As women in the computer science field still face scrutiny and are discouraged by things like the controversial memo leaked by a Google employee last summer, IBM, a leader for over 100 years in progressive thinking, stands up to celebrate the women of tech.
Supporting females who code has always been in our DNA, and we're on a mission to help elevate another one million girls who code by 2020. We want to inspire the next generation of coders and set an example in the market.
Our goal with C0D3Rs is to bolster interest in the program, expand the program into more schools and enlist another one million girls who code by 2020.
IBM created Pathways in Technology Early College High Schools (P-TECH) spanning grades 9 to 14 to accelerate the infusion of female and at-risk students into computer science careers.
We created the content series "C0d3rs" in partnership with Vox Creative, to celebrate the young female coders who participate in both our P-TECH and Girls Who Code programs.
All the heroes in our videos had to overcome the challenge of being a female in a very male dominated industry. In many cases they were the only female coder in their group, but have found their home and thrived in their individual environments.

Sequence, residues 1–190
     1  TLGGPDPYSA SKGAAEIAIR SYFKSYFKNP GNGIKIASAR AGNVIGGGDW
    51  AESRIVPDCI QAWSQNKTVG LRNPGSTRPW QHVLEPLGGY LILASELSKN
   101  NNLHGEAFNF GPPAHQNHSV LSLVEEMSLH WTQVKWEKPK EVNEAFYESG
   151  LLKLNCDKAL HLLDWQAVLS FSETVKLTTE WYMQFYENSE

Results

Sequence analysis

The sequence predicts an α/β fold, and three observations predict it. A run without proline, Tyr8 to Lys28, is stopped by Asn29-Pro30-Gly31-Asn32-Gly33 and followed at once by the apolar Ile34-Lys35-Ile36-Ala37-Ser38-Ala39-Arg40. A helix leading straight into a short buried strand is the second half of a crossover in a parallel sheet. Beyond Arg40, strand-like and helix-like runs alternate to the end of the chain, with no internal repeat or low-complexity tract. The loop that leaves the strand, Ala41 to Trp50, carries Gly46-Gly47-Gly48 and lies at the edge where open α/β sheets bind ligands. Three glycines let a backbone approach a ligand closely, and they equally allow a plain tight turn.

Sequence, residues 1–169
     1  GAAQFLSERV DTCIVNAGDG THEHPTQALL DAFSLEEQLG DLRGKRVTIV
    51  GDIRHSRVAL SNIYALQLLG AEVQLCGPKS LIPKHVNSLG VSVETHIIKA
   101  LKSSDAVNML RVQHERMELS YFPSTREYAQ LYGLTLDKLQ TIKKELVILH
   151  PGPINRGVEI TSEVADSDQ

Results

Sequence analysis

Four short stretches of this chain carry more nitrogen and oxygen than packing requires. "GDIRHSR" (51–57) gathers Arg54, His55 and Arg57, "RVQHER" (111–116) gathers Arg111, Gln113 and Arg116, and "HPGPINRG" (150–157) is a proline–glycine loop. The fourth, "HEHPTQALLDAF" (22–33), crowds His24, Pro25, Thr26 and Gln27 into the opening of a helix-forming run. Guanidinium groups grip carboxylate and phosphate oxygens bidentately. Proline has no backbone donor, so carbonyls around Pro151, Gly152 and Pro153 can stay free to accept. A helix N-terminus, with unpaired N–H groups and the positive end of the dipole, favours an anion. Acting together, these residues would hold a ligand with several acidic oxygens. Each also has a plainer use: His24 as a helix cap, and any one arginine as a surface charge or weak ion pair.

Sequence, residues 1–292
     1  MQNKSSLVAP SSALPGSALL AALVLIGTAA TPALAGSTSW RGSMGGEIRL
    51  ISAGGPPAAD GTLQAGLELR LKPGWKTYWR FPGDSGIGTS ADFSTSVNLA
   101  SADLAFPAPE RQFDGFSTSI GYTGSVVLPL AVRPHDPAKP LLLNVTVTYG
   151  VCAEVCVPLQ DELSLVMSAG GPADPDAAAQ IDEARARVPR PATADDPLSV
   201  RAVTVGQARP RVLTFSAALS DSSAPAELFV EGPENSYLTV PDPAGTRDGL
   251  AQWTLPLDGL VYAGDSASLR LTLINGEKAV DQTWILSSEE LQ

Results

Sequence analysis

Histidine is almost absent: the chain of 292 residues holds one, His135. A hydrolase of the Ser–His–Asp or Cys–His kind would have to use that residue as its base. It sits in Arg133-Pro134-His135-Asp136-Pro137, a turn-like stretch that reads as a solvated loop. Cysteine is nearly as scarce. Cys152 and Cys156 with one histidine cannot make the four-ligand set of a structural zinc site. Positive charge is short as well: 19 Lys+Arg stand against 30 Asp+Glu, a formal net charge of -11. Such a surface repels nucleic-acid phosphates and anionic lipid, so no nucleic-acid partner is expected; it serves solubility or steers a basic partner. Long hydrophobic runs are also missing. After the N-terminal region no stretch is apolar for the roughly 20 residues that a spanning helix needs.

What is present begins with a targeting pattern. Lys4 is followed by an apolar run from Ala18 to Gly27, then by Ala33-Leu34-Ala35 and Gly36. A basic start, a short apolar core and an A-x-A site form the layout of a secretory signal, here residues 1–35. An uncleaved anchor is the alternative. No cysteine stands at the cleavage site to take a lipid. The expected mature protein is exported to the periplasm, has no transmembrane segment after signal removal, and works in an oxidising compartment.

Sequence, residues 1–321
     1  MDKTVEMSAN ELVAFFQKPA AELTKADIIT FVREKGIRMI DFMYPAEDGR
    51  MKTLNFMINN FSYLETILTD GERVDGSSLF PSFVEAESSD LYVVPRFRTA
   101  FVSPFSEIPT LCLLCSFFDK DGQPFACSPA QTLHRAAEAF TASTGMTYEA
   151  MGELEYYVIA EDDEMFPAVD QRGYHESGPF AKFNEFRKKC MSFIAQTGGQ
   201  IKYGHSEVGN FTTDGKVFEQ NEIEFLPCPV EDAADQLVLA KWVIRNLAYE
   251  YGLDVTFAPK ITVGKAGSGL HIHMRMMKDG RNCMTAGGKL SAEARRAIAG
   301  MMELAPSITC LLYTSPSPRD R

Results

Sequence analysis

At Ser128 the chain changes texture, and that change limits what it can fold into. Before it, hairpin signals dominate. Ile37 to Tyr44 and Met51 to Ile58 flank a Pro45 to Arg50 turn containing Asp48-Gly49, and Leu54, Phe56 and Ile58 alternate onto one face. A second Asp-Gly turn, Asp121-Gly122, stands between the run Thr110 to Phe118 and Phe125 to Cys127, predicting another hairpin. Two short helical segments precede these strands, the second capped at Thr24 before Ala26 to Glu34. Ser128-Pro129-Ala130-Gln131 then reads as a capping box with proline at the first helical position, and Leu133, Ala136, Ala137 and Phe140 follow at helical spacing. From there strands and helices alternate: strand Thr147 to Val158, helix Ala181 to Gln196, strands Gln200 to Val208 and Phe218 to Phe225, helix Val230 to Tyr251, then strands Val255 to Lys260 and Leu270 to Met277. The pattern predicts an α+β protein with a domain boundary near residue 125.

We decided the best way to inspire more young women to become coders was to give them someone and something to look up to, and video was the perfect medium to do so.
The content began November 2017 and was among our top performing assets with 100% positive social sentiment. We received millions of views across native Facebook, YouTube and IBM's DeveloperWorks site, which gives coders an opportunity to expand their knowledge of coding.
The efforts have increased the interest levels of female coders who participated in the program from 12% to remarkably 71%. We saw a 48% increase over average time spent, and 9% higher than average completion rate.
But more importantly, our program is expanding to over 80 schools next year and more empowered female coders are hitting the market to drive change in the computer science industry. More importantly, our program is expanding to over 80 schools next year and more empowered female coders are hitting the market to drive change in the computer science industry.